“If you spend too much time thinking about a thing, you’ll never get it done. Make at least one definite move daily toward your goal.” – Bruce Lee.
The development of focused relationships with partners, allies and networks is a greater driver of innovation than countless rounds of internal brainstorming and intranet posts asking for everyone to be a bit more creative. Yet often individuals and companies cannot get over that first collaborative relationship step and move towards acting, testing and building something new, that could be greater than the sum of their two parts. Bruce Lee, knew a thing or two about the need to act and not just think.
When surveyed 80% of top executives agree their organisations need to innovate differently and 86% say that partnerships and collaboration is the key to innovation. Yet – only 21% say they are developing them. In their latest 2012 Innovation Monitor, General Electric call this – The Partnership Paradox. So why does it exist? And what can we do to change it?
Brands and businesses do not really have relationships between each other. A laser printer does not set up meeting with the coffee machine and the old laptop case to have a chat about the relative costs of A4 paper. A delivery van does not have a workshop with a fork-lift truck to clarify a key delivery schedule. It is people – and the conversation between them that drives business activity, ideas and progress. Businesses have a legal status, missions, KPI’s, logs, processes and systems. But it is large complex, sometimes emotional, and often stressed ape like creatures such as you and me that do the talking and the listening. No matter what you do, or who you work for, if you’re in the business of marketing & innovation – you are in the conversation business.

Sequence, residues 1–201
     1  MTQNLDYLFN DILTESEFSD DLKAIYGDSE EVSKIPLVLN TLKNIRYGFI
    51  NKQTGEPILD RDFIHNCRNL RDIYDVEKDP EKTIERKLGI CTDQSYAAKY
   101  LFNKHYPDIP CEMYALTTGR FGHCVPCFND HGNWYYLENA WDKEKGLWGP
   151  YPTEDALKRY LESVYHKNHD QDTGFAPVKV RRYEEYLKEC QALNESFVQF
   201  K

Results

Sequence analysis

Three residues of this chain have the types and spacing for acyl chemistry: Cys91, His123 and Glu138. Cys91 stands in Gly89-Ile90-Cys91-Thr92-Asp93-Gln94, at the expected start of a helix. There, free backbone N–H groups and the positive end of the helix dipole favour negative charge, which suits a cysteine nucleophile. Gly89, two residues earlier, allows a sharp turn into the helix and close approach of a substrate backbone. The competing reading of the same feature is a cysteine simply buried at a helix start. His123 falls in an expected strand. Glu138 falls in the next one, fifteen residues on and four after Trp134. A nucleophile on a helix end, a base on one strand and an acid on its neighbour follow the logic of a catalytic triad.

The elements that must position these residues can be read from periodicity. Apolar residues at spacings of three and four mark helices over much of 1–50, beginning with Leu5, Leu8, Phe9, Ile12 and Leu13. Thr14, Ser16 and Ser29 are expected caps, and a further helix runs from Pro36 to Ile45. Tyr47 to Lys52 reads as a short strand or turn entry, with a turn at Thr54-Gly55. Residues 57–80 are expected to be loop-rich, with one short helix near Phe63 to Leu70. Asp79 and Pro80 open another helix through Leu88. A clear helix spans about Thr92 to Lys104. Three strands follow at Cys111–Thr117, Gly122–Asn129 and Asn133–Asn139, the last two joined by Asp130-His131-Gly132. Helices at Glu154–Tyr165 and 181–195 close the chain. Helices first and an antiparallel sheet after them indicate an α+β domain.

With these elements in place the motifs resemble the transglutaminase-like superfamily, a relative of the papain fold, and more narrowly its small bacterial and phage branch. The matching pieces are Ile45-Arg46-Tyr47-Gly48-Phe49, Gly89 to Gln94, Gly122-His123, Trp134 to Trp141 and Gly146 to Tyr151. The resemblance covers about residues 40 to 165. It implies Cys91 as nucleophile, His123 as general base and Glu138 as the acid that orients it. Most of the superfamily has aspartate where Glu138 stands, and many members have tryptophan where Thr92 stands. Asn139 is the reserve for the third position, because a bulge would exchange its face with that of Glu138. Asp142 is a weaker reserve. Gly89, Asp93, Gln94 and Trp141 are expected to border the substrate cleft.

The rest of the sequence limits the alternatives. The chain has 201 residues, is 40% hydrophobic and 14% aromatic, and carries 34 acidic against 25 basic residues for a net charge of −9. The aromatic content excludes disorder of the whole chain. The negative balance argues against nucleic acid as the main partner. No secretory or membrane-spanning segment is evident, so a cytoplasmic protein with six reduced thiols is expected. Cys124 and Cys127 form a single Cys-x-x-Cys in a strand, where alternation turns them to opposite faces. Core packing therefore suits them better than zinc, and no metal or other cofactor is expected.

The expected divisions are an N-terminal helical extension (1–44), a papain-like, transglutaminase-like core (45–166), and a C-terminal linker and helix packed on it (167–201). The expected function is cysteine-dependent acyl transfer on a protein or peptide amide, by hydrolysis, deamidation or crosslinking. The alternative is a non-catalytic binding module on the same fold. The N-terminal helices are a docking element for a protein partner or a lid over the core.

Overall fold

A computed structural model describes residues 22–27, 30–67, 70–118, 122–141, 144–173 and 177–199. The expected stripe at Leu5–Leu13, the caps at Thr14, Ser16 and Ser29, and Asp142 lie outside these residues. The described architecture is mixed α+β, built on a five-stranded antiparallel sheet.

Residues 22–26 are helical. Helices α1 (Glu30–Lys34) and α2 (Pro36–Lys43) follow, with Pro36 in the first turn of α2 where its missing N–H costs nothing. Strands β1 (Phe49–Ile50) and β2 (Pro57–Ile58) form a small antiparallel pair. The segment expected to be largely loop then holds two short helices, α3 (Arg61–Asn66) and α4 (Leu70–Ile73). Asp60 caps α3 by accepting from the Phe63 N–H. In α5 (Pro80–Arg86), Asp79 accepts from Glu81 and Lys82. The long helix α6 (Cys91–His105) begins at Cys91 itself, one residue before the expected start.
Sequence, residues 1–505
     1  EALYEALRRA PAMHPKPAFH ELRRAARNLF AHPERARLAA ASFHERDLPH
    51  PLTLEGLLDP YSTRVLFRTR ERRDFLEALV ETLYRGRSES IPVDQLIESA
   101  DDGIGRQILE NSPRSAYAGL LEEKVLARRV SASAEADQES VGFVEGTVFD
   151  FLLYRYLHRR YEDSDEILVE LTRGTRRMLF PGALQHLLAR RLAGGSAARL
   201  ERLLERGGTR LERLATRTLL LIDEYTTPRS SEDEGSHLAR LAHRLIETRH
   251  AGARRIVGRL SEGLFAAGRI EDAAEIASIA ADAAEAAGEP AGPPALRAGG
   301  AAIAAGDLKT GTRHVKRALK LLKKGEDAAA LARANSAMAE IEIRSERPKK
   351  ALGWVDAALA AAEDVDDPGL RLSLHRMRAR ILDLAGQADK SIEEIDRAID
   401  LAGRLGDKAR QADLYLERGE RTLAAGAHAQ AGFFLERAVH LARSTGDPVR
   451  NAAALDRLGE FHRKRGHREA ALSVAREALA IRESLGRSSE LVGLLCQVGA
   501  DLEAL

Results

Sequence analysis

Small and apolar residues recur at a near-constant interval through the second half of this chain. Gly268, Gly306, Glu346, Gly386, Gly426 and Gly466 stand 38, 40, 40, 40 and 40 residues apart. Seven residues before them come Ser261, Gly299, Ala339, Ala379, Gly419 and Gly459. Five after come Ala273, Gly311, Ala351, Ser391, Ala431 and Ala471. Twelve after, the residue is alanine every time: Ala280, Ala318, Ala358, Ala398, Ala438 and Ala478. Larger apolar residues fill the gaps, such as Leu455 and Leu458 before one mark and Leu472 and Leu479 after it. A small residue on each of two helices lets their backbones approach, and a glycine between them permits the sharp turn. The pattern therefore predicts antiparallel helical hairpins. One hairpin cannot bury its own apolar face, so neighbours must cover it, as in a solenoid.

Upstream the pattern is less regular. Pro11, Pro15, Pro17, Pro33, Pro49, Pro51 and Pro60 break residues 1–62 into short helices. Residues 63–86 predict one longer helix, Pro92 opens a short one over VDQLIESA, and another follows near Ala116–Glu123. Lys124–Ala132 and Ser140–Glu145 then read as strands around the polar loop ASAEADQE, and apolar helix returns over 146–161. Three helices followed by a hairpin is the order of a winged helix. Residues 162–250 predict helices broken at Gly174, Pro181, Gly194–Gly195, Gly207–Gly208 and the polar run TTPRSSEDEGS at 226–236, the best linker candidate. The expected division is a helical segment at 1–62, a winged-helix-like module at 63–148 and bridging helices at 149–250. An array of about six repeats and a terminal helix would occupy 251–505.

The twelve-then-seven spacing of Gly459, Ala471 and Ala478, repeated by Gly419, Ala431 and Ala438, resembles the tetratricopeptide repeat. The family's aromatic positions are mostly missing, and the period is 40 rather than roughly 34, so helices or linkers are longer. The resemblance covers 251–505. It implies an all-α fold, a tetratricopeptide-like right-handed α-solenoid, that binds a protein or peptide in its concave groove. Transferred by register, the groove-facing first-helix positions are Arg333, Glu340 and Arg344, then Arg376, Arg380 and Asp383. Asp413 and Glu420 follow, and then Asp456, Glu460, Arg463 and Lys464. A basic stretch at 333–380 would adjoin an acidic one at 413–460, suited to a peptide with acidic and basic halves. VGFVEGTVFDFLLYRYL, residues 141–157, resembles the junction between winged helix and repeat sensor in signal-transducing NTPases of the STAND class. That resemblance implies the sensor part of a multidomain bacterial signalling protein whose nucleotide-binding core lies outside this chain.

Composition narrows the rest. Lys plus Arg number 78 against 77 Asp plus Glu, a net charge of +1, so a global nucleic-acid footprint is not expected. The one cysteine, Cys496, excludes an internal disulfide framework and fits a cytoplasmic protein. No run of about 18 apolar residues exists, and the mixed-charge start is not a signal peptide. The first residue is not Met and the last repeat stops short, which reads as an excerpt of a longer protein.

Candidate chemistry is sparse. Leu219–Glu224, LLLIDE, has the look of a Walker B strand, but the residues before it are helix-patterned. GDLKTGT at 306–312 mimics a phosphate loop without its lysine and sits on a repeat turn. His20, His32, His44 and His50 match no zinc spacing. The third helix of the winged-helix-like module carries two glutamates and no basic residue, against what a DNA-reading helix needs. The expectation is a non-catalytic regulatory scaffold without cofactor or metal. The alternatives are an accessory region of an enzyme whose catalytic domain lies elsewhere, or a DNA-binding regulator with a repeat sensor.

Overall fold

Willie Wash, the CEO of International Airlines Group – the holding company of British Airways (BA) and Iberia – moves fast. He heads up a fast paced business – each year carrying 49 million humans all over the world in its fleet of 419 jets. Willie Walsh talks fast. He takes questions easily and answers them quickly, peppering his comments with facts, stats and detail. His to do list will cover everything from oil prices to volcanoes, from tourism to terrorism. And last night he entertained a packed room at Adam Street Club – offering a rare insight into the type of character that leads a global business that employs 56,000 people with revenues north of £14 billion.
Partnerships and alliances are good for business. Big business has always known this — from McDonald’s building global co-promotions with Coca-Cola and Walt Disney, to Nike building trainers that talk to your iPhone. But alliances can bring significant benefits for small firms too – something I discuss in this article within MarketingDonut. In the article I outline the four main partnership tactics that small businesses can use; (1) Revenue Partners (2) Supplier Partners, (3) Industry Alliances and (4) Promotional and PR. These are the kind of marketing programmes that are used by some of the world’s biggest brands – because they’re cost effective and work. So if they’re not already doing so, isn’t it time small businesses started to build these approaches into their plans too? For more information on partnership tips and advice see Benchstone.co.uk